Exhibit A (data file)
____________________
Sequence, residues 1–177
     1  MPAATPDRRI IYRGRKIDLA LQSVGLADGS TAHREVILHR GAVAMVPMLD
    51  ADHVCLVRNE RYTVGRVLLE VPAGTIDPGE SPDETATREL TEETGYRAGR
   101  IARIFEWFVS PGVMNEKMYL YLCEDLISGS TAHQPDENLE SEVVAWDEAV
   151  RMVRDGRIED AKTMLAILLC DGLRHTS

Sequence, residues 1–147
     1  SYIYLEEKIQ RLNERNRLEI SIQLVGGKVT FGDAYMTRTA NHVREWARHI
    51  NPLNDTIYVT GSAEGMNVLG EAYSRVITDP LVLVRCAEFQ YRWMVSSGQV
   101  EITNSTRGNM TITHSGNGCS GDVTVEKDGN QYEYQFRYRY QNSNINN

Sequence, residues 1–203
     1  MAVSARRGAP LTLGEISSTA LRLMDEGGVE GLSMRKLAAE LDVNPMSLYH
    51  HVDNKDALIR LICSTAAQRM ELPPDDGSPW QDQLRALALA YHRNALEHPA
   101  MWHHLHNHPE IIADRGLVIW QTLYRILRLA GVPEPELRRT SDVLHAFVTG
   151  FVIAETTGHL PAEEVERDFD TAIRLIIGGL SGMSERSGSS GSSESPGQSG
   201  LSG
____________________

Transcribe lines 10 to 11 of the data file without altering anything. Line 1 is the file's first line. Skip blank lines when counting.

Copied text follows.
Sequence, residues 1–203
     1  MAVSARRGAP LTLGEISSTA LRLMDEGGVE GLSMRKLAAE LDVNPMSLYH